Please enjoy a d’var Torah this week from Andrew Pass. Andrew spent six summers on staff as a counselor, librarian, teacher, and Rosh Eidah. He lives in West Bloomfield, MI and is the founder and CEO of an educational content development company. He attributes the knowledge and skills needed to run a large organization to his experiences at camp.
“I Will Be”: Reflections on Parashat Va’eira
by Andrew Pass
Rabbi Neil Gillman, z”l, a professor at the Jewish Theological Seminary, used to ask his students to write an essay responding to this prompt, “When I think about God, I think of…”. He challenged his students to ask their students to do the same. Responding to this challenge, I had many great conversations with campers on the Mirpeset Sifriyah, the library porch overlooking the lake. We asked and discussed, “Do you believe in God? What exactly is it that you do or do not believe in?” Together, we struggled with the mysteries of God.
This week’s Torah portion, Va’eira, challenges us to ask similar questions. In the first verses, God immediately presents Herself as having a hidden component. Roughly paraphrased, God says, “Moses, I’m going to tell you something about myself that I never told your forefathers. I’m going to tell you my name.” God explains that while she had a special relationship with each of them, even giving them the land of Canaan, she never revealed her name. God reveals this name to Moses.
What is the name?
E’hiyeh or “I will be”!
What kind of a name is that?
It is a name that is as mysterious as the being to whom it refers. Jewish tradition teaches that God is so sacred, so out of the ordinary, that it is impossible for a person, imperfect by nature, to truly know Her. Rabbi Gillman referred to God as a myth. This does not mean a fallacy. Gillman explains, “Myths are the spectacles that enable us to see order in what would otherwise be confusion.” We attribute the phenomena of nature and life to God. The more awesome the phenomenon is, the easier it is for us to see God through it.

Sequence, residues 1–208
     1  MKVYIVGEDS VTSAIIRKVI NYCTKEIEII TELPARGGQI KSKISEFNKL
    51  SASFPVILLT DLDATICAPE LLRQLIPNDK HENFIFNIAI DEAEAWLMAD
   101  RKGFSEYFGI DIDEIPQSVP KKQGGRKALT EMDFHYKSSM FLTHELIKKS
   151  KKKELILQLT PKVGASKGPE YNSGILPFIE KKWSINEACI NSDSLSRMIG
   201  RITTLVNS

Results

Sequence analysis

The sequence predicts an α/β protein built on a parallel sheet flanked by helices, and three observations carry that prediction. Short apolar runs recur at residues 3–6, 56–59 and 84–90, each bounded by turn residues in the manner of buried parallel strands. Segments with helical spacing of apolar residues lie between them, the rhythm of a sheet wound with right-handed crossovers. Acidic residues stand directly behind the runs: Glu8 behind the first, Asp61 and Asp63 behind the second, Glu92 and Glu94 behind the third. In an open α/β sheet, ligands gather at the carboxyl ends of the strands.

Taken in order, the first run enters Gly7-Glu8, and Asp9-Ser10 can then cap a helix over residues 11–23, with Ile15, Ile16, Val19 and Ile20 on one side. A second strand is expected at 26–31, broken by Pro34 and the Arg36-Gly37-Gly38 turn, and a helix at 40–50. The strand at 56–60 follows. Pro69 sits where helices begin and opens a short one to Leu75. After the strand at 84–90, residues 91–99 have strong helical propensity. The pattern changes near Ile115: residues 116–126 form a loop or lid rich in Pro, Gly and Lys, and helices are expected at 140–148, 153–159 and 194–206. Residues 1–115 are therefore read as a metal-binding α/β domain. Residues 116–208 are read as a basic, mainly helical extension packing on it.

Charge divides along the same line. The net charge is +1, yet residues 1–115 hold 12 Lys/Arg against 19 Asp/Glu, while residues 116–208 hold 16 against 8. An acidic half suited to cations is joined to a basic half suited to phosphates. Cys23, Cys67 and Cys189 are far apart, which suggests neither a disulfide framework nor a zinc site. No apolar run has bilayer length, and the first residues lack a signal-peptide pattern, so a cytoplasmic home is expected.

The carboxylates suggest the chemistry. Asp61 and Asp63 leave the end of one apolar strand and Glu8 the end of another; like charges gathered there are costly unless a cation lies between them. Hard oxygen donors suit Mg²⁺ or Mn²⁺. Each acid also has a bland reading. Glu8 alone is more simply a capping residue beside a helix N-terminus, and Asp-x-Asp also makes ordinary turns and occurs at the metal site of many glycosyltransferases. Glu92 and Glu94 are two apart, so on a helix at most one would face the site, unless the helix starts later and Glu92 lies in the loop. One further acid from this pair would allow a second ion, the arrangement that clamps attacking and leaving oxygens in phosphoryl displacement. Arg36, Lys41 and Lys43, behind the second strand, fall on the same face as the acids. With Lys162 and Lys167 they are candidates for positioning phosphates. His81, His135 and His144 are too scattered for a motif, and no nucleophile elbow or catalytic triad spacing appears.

Our Torah portion contains the description of the first seven of the ten plagues that God brought upon the Egyptians. According to the text, God “hardened Pharaoh’s heart” so that he would not let the Israelites leave. God could have eased Pharaoh’s heart so that he chose to let the Israelites leave without any plagues. However, the rabbis explain that in part, God brought the plagues to demonstrate Her existence to both the Egyptians and the Israelites. Gillman would say that metaphorically these plagues pointed to the existence of God for all involved.
Fortunately, unlike plagues, the events of nature and life are often radically positive. Many people say they see God when they look at their spouse under the chuppah (wedding canopy) or a newborn baby in the delivery room. For many of us, we sense God deeply at our Camp Ramah. Whether it be at Friday evening services by the agam (lake) or under the Northern Lights, after a terrific hit is made in an inter-eidah (division) softball game or the incredible ruach (spirit) seen at the zimryah (song festival).
As Jewish people, we recognize that we do not all have the same perception of God. In fact, we often struggle to understand God at all. But, when we contemplate those things around us, when we are truly being in the moment, we often feel God’s presence.